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Community Project Spotlight #3

· 10 min read

It’s time for another batch of great projects from, hand-picked by our contributors. We have six amazing projects to feature in this edition of the community spotlight.

Project spotlight Time!

There’s an exciting array of projects waiting below — everything from indigenous culture, to black art, to even the arcane realm of memery. Discover some of the magic on with these projects that are making waves in our physical and digital worlds. Let’s dive in!

Futuro Nativo


is celebrating and spreading indigenous cultures and practices found in the western Brazilian region of Acre. They are creating donation pathways to empower several native tribes, and are propagating holistic practices to restore our connection with the Earth. They currently support four tribal villages in the region:

  • Yawanawa — Shukuvena (“Toucan” in the local language) — Praised for fostering strong female leaders, this tribe is focused on agroforestry, food sovereignty, natural medicines and spiritual practices.
  • Huni Kui — Pinuya (“Hummingbird” in the local language) — Residing in the northern zone of Acre, the village of Pinuya is making huge leaps in reforestation efforts and crop laying. They are focused on yielding saplings and food surpluses with the intention to move away from tourism and find alternative income sources.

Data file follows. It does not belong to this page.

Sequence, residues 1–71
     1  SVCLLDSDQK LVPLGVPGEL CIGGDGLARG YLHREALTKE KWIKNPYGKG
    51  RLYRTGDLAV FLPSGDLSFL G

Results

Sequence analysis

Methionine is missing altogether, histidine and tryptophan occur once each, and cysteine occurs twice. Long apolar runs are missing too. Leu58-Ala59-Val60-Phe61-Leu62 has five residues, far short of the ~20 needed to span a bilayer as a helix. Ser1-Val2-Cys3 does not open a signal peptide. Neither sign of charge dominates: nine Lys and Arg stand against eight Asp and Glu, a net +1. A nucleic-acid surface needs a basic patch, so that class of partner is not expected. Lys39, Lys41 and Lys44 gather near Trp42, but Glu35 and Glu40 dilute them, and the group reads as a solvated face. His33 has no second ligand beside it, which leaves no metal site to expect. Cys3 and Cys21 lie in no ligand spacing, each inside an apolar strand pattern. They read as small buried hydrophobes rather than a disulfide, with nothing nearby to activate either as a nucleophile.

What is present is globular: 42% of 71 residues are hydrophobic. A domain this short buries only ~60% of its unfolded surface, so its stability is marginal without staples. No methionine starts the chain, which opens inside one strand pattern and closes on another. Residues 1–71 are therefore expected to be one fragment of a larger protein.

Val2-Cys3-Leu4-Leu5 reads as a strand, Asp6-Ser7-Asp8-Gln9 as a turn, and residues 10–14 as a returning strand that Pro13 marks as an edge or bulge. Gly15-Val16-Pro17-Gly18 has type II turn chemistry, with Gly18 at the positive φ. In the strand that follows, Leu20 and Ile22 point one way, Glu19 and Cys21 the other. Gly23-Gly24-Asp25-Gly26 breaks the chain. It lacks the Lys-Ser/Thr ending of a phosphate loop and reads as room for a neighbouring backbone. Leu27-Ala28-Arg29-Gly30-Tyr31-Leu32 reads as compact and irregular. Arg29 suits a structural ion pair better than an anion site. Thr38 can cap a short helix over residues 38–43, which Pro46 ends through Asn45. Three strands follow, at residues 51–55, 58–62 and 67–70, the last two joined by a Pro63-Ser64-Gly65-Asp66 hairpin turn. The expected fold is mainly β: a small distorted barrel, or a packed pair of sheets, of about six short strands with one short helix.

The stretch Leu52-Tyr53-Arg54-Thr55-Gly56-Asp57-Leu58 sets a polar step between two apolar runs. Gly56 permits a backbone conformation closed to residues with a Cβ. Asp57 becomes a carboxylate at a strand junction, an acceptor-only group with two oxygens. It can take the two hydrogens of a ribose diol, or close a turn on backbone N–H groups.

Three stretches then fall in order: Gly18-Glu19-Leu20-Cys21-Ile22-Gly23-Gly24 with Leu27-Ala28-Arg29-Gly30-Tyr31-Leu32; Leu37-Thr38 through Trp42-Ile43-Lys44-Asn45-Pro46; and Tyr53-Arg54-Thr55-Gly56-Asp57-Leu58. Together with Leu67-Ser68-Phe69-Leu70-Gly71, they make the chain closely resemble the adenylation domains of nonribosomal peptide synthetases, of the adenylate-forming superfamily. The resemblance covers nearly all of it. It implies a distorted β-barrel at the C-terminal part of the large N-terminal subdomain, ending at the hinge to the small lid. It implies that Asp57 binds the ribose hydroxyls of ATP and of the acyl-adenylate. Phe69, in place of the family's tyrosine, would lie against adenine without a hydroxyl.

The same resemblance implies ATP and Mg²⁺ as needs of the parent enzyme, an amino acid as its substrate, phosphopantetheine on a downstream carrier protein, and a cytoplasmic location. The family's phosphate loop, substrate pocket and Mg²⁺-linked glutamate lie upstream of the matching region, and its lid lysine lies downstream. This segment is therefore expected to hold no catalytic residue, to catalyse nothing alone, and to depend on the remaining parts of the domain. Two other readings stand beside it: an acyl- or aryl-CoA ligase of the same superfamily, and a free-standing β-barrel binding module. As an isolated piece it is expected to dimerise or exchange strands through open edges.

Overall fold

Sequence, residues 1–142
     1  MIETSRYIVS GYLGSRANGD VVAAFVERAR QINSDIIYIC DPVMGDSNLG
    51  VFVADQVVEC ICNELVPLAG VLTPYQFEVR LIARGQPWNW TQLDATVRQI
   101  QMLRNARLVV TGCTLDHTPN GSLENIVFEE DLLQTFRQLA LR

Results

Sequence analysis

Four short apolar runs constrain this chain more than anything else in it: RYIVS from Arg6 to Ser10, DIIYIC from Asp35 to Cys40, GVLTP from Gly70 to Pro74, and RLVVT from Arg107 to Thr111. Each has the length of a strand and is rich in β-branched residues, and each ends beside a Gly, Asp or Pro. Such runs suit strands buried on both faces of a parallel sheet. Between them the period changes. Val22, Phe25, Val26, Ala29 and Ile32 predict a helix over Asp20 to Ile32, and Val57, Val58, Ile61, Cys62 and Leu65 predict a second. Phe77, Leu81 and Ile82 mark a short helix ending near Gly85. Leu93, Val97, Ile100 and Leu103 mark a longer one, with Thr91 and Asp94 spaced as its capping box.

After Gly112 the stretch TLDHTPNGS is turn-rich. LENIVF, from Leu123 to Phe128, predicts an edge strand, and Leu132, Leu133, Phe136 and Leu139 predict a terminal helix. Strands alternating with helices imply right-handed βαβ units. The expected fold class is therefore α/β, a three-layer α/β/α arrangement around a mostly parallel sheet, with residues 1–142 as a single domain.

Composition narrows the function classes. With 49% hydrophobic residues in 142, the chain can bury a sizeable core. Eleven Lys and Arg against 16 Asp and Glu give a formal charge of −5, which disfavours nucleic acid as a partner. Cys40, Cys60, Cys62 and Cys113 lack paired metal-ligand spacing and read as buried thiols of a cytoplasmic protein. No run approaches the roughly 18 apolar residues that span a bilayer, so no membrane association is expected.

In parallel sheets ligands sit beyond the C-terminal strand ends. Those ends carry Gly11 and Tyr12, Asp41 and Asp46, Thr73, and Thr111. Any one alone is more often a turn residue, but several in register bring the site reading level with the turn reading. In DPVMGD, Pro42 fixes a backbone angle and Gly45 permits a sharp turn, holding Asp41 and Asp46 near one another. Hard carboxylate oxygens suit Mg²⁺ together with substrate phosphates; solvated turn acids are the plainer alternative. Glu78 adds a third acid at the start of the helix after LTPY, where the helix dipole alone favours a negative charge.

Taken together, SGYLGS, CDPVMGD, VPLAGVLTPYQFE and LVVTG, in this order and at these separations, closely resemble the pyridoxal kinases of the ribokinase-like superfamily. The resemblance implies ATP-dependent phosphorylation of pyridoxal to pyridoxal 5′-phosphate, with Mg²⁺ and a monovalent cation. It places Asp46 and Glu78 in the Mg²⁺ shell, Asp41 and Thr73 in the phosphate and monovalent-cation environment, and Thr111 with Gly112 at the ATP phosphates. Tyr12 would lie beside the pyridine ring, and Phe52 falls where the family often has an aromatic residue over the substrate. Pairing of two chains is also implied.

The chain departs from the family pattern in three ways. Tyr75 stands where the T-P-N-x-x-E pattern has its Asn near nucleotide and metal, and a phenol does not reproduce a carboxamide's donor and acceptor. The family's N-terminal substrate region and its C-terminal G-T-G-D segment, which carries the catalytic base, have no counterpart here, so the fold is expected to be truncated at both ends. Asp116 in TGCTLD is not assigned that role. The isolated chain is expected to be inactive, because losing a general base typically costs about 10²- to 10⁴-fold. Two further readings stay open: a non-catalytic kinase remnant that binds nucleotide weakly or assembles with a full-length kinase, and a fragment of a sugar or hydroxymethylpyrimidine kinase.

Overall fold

• Huni Kui — Caucho — Dwelling in the basins of the rivers Juruà and Purus, the village of Caucho strives to reclaim their culture from the shocks of colonial industrialization. The Amazon Rubber Boom eroded much of their ancestral culture. They believe in sowing their culture through music, dance and art.
  • Kuntanawa or “Coconut People” — Believe that plants are the way to connect with the spirits of the forest. They have mastered how to cure their people with traditional medicines and plan to cure the world by creating alliances of communities committed to restore the balance of nature.

Each tribe boasts dozens of families living on their ancestral land, which collectively is spread out over hundreds of thousands of hectares of Amazonian rainforest. These peoples steward their land, implementing traditional agroforestry techniques, as well as ply their artisanal craft-making skills. The tribes affiliated with Futuro Nativo also host visitors and workshops to teach their culture to the curious and passionate.

Futuro Nativo has very well defined funding goals which complement each tribe’s unique needs and offerings. Visiting their website, you can see projects range from tree nurseries, educational events, to even creating online stores to distribute their artisanal crafts. Check out their project on to learn more about the projects of each tribe and to make a donation!

HNS Fund

Handshake Development Fund